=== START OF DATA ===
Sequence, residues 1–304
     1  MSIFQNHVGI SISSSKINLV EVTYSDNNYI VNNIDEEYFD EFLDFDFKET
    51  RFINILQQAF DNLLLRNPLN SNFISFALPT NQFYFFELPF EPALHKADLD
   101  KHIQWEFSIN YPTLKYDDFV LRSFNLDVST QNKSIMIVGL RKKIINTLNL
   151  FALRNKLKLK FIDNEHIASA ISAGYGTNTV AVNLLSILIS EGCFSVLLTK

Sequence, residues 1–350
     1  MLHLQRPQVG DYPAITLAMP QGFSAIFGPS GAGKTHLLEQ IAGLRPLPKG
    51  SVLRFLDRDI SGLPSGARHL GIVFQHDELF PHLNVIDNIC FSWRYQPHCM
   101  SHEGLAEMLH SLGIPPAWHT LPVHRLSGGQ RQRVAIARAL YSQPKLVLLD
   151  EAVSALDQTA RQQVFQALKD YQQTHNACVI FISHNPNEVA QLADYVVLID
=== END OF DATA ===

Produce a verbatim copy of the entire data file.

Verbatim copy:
Sequence, residues 1–304
     1  MSIFQNHVGI SISSSKINLV EVTYSDNNYI VNNIDEEYFD EFLDFDFKET
    51  RFINILQQAF DNLLLRNPLN SNFISFALPT NQFYFFELPF EPALHKADLD
   101  KHIQWEFSIN YPTLKYDDFV LRSFNLDVST QNKSIMIVGL RKKIINTLNL
   151  FALRNKLKLK FIDNEHIASA ISAGYGTNTV AVNLLSILIS EGCFSVLLTK

Sequence, residues 1–350
     1  MLHLQRPQVG DYPAITLAMP QGFSAIFGPS GAGKTHLLEQ IAGLRPLPKG
    51  SVLRFLDRDI SGLPSGARHL GIVFQHDELF PHLNVIDNIC FSWRYQPHCM
   101  SHEGLAEMLH SLGIPPAWHT LPVHRLSGGQ RQRVAIARAL YSQPKLVLLD
   151  EAVSALDQTA RQQVFQALKD YQQTHNACVI FISHNPNEVA QLADYVVLID